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The Dahlia mosaic virus gene VI product N-terminal region is involved in self-association
- Raikhy, Gaurav, Krause, Charles, Leisner, Scott
- ARS USDA Submissions 2011 v.159 no.1 pp. 69
- Cauliflower mosaic virus, Dahlia mosaic virus, amino acids, binding proteins, floriculture, genes, maltose, open reading frames, plant viruses, protein-protein interactions, signal peptide, two hybrid system techniques, viral proteins, yeasts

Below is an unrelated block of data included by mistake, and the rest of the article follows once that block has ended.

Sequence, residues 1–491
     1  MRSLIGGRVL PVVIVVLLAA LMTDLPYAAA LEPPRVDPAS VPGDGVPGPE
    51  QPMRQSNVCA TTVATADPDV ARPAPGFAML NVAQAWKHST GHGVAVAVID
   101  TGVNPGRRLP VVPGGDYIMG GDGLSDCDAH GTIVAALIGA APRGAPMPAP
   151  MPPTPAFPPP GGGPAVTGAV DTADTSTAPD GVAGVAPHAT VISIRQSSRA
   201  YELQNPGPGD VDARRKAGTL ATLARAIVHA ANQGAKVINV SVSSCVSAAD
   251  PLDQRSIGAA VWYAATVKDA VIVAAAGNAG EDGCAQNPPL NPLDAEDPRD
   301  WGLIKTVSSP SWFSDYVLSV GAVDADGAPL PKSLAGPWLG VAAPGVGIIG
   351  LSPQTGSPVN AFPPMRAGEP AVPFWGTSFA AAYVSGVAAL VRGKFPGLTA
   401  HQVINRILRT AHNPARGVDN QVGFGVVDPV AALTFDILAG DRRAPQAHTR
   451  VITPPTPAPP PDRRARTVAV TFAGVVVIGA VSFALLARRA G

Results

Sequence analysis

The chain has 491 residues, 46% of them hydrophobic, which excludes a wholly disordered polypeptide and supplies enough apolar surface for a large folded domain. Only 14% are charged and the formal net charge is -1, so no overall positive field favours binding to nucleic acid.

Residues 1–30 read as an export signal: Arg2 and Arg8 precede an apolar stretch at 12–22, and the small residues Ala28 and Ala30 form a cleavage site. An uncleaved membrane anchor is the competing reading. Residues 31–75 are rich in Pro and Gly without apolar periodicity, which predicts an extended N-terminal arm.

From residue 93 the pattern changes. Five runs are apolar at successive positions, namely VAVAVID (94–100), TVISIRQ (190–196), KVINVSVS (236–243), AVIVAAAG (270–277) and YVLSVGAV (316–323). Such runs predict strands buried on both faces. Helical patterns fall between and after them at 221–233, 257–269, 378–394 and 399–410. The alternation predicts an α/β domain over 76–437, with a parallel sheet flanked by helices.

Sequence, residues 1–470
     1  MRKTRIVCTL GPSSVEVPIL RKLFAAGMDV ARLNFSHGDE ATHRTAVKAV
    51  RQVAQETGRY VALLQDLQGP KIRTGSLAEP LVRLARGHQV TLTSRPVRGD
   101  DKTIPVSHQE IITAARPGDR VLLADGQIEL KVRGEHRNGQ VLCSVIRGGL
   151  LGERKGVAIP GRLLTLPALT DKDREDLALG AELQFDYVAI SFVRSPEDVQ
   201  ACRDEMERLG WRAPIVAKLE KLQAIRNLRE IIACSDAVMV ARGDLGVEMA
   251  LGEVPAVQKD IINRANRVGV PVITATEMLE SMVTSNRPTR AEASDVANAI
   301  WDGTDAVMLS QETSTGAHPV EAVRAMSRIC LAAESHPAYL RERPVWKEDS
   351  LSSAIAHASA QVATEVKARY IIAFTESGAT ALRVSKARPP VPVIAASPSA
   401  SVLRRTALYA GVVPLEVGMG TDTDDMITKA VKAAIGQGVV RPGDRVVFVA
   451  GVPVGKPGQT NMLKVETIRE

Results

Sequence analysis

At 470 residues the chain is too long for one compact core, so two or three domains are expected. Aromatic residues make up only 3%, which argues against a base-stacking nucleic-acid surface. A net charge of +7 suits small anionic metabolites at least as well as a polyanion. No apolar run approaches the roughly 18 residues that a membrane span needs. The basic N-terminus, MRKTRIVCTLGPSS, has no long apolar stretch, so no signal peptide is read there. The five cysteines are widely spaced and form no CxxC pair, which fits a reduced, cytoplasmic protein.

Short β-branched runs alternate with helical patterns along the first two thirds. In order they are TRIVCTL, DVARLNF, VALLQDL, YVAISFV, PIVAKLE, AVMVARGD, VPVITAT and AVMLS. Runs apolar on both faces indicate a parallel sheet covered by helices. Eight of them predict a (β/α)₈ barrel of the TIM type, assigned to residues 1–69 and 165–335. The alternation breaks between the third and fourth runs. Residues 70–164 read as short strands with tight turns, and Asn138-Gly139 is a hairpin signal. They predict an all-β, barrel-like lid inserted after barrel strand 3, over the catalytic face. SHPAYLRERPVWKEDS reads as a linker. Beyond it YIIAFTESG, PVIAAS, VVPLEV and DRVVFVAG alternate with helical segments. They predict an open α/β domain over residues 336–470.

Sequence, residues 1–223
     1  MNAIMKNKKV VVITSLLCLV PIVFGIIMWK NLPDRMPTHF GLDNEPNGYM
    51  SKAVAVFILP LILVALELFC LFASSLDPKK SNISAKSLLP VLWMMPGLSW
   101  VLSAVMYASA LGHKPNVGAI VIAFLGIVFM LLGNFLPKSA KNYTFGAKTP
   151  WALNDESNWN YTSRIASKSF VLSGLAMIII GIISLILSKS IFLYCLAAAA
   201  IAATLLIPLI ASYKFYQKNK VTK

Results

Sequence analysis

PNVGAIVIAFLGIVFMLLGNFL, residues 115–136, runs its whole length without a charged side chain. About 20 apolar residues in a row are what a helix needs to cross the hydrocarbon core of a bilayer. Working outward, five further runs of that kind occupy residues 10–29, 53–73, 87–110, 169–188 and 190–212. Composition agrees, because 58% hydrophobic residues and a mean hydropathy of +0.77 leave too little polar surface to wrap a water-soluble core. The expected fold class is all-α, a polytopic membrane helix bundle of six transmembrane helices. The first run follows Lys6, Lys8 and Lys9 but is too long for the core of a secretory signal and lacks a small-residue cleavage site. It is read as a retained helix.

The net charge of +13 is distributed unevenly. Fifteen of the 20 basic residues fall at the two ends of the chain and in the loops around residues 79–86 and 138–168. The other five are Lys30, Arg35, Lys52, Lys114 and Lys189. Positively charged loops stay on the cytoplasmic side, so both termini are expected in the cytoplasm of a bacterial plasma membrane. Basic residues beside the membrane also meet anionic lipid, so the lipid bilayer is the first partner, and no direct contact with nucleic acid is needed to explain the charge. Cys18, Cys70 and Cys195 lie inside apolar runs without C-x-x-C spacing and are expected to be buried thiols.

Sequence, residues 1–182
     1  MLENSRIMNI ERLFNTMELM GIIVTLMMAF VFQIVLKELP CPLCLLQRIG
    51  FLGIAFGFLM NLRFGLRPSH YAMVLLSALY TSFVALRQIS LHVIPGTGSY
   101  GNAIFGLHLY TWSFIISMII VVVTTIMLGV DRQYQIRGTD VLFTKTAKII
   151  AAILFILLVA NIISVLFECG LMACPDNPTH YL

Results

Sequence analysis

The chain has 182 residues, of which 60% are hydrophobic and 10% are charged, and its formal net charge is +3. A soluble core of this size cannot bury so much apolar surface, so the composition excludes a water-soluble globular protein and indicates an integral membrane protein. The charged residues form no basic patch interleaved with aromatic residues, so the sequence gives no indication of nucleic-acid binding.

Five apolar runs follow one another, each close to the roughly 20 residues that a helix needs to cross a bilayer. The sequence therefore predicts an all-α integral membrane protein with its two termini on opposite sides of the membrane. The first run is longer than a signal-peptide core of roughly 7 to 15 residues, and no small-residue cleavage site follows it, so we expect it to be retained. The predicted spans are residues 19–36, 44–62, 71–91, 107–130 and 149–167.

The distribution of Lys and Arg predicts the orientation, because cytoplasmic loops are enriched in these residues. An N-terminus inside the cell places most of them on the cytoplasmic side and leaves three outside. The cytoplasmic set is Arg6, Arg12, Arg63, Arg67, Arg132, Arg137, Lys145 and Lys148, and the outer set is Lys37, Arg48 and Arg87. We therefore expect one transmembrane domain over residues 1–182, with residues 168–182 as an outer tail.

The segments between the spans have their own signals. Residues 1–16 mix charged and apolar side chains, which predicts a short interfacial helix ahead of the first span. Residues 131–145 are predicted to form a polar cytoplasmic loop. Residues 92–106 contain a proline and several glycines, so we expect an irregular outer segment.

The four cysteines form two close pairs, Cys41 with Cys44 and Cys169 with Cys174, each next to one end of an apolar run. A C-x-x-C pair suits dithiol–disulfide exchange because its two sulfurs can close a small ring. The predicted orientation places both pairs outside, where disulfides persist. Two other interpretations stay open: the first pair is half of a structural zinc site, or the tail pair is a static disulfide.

- The genome of the floriculture pathogen Dahlia mosaic caulimovirus (DMV) encodes six open reading frames. Generally, caulimovirus gene VI products (P6s) are thought to be multifunctional proteins required for viral infection and it is likely that self-association is required for some of these functions. In this study, yeast two-hybrid and maltose binding protein (MBP) pull-down assays indicated that full-length DMV P6 specifically self-associates. Further analyses indicated that only the DMV P6 N-terminal region, consisting of 115 amino acids, interacts with full-length P6 and with itself. This distinguishes the DMV P6 from its Cauliflower mosaic virus counterpart, which contains four regions involved in self-association. Thus, our results suggest that each caulimovirus P6 may possess a unique pattern of protein-protein interactions. Bioinformatic tools identified a putative nuclear exclusion signal located between amino acid residues 10-20, suggesting another possible function for the P6 N-terminal region.